When I sit in church on Sunday mornings, I sometimes look
around at the other congregants and ask myself, "Why are these people here? Why
did they choose to come to church?" Some people prefer staying at home to
leisurely read the Sunday paper, or go out for a relaxed Sunday brunch. Why
have these people given up their precious spare time to be here?
For the healing we need, we cannot do better than to rely on the ancient assurances of Zechariah's hymn. Written in a time of occupation and economic disarray that eclipses our own in its uncertainty, the hymn proclaims that we are indeed free, whatever our brokenness, to worship God without fear.
This book is a series of icons painted by Catholic priest William Hart McNichols, accompanied by prayers written by acclaimed translator and self-described "Jewish Sufi Buddhist who loves Christ" Mirabai Starr. Their collaboration deserves lingering attention, even by Protestants dubious about appearances of Mary.
On my neglected Facebook page sits an even more neglected
"Like" button. Although I read what others post and occasionally add a comment,
I grumpily avoid this particular feature. Technology based on personal
preferences-a rapidly expanding group that includes Hunch, Pandora, various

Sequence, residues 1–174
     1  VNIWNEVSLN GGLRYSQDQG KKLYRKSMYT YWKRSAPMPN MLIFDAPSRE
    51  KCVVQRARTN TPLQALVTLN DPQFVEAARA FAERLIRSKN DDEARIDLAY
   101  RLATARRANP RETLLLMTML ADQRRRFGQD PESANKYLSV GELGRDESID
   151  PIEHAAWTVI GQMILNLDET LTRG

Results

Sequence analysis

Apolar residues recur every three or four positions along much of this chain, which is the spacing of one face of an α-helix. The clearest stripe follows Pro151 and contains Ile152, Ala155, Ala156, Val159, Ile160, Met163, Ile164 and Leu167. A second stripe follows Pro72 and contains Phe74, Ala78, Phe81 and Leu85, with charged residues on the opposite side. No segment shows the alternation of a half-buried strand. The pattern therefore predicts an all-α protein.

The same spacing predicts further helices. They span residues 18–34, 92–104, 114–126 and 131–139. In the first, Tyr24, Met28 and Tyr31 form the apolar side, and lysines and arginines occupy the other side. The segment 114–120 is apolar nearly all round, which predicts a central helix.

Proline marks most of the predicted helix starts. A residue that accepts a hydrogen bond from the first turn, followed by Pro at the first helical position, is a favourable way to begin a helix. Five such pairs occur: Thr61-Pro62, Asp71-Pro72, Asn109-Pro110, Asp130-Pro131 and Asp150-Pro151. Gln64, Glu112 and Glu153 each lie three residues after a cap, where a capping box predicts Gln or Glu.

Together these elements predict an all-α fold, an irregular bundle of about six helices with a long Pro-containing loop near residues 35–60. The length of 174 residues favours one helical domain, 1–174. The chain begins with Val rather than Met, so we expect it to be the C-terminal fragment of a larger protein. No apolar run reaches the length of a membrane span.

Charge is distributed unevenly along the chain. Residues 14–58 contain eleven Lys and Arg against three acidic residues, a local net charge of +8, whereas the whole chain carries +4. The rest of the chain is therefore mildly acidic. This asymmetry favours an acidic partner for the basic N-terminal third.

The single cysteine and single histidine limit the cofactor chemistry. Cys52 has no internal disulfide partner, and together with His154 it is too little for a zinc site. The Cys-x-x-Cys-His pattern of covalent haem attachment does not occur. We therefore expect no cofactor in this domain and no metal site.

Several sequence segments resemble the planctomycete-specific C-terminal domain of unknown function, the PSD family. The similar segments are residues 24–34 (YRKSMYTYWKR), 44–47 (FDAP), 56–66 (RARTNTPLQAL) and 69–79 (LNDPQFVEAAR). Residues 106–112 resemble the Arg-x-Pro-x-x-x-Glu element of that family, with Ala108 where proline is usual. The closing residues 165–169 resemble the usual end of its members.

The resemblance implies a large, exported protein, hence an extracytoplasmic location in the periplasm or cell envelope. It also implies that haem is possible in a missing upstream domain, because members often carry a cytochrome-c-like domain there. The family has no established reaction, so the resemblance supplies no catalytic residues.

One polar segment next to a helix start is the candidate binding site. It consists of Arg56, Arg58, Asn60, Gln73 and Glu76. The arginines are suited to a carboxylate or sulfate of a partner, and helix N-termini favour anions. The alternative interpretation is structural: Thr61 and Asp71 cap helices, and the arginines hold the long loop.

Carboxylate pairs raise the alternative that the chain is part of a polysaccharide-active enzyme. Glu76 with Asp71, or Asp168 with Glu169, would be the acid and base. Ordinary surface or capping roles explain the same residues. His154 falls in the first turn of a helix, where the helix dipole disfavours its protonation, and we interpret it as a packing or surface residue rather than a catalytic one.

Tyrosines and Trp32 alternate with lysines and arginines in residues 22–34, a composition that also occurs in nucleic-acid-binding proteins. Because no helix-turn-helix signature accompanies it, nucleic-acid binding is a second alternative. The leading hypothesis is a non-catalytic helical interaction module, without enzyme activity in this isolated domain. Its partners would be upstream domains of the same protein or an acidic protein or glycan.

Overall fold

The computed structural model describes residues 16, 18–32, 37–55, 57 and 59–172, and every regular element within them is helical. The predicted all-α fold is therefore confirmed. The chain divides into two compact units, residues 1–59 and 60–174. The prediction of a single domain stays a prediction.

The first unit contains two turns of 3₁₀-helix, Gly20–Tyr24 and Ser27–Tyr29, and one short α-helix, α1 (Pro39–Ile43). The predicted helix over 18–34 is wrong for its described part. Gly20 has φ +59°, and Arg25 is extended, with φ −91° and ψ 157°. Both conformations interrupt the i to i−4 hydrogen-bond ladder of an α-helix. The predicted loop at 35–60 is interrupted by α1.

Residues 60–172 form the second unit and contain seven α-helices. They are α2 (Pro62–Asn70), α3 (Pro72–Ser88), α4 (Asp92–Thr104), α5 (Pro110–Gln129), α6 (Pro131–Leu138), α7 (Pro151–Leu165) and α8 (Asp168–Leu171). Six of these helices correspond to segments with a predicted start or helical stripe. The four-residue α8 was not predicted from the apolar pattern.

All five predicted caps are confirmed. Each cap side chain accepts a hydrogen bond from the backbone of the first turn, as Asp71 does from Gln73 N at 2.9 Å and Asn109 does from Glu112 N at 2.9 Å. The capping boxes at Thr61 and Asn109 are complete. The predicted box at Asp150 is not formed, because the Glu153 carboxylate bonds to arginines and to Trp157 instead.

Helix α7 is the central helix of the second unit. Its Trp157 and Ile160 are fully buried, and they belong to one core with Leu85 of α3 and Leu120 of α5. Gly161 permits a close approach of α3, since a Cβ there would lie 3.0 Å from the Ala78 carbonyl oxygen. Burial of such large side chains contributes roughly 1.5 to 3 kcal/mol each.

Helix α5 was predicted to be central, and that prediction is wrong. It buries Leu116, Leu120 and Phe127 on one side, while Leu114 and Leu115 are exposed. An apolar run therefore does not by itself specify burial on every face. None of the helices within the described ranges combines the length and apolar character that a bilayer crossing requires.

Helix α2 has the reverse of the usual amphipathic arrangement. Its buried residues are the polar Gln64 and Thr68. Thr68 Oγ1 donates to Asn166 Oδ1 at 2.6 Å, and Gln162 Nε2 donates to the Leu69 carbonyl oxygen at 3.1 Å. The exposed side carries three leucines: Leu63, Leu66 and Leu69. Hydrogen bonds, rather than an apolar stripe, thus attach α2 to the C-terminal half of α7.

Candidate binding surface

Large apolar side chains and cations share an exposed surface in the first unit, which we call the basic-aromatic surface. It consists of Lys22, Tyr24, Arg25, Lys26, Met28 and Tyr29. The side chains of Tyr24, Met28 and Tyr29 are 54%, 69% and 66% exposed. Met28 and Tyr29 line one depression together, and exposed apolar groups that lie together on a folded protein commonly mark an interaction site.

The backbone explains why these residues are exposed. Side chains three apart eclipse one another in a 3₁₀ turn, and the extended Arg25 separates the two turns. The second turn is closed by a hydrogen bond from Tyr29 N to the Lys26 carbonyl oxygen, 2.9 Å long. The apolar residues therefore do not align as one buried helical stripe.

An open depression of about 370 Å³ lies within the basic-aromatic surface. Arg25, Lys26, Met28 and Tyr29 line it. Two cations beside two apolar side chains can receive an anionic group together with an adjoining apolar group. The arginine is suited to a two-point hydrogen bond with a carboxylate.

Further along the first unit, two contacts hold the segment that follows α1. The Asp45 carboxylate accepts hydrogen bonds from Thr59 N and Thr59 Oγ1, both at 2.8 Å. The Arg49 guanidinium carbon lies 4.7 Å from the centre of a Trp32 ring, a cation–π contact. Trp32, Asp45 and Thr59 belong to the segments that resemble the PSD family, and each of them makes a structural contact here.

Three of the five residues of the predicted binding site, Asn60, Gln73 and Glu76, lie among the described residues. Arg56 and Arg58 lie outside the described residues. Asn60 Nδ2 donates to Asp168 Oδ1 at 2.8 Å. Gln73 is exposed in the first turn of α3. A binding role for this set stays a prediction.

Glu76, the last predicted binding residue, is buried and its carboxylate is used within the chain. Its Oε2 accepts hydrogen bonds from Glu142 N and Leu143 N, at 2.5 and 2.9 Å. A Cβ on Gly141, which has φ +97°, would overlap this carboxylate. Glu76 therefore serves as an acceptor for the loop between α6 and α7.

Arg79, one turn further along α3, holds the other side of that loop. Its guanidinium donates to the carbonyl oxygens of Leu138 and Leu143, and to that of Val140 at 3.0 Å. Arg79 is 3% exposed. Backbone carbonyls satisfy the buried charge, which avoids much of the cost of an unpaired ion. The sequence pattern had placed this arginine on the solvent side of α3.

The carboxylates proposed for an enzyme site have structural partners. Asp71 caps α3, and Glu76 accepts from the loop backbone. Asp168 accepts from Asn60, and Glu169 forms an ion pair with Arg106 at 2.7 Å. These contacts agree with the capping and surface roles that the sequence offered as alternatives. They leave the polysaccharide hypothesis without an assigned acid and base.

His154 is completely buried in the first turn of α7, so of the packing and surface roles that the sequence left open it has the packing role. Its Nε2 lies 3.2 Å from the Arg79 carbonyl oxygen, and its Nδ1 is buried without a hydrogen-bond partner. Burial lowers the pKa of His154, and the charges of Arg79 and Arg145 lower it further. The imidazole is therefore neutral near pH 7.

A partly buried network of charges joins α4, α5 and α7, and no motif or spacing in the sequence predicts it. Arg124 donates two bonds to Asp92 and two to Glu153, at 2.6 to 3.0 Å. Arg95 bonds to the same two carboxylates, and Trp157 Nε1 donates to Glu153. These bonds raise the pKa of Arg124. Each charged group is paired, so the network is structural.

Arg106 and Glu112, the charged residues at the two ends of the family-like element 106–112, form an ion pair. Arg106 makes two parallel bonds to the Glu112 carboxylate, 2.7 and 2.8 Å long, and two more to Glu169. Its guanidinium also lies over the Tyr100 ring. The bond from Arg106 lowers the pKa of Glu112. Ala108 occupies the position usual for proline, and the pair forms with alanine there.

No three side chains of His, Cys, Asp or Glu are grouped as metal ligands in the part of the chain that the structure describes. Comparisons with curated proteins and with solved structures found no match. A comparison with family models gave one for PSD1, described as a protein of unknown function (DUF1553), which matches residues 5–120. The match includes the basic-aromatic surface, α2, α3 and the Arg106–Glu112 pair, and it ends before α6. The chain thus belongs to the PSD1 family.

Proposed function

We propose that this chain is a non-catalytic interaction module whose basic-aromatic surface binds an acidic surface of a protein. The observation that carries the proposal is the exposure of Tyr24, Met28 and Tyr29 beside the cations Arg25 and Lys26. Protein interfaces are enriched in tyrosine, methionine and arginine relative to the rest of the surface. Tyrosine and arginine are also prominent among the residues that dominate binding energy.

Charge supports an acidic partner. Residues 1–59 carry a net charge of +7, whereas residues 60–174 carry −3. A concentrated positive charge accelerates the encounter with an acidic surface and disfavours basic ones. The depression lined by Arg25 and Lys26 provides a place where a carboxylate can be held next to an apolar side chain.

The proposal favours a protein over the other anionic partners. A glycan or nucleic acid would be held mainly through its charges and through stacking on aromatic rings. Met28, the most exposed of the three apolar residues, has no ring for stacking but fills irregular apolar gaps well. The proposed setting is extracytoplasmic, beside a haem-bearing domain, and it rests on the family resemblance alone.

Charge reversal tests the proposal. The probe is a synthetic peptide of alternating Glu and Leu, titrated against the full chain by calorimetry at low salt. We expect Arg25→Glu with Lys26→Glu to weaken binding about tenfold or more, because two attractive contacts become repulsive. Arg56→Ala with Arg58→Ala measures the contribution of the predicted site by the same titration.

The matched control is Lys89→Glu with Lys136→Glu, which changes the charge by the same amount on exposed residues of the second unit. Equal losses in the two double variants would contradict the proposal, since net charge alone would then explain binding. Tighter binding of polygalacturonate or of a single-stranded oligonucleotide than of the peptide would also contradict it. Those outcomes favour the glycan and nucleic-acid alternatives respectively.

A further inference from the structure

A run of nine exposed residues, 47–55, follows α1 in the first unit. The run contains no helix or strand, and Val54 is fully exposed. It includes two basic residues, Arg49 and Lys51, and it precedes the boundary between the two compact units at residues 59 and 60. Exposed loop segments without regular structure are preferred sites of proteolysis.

Google products and others-is a source of anxiety for me.
In Paul's second letter to the church in Thessolonica he warns the
Christians there about hanging out with followers of Jesus who are
living in idleness, and since laziness is one of my key struggles in
life, it hit me right between the eyes this cold fall Monday morning.
A study of HIV-positive men and women showed that those who engaged in spiritual practices had a two to four times greater chance of survival than those who didn’t. The researchers began interviewing people at the mid-stage of their disease. The researchers asked participants whether they prayed, meditated, went to religious services, were grateful to God for what they had, or believed that God could forgive them for wrongdoing. The findings showed that the way people focus on the meaning of life and relate to God can affect health, even in the case of HIV. Roughly one-fifth of the participants engaged in “positive spiritual reframing” of their disease, seeing it as a way God was using them, for example. These people had a survival rate four times greater than that of the others (Atlantic, May 6).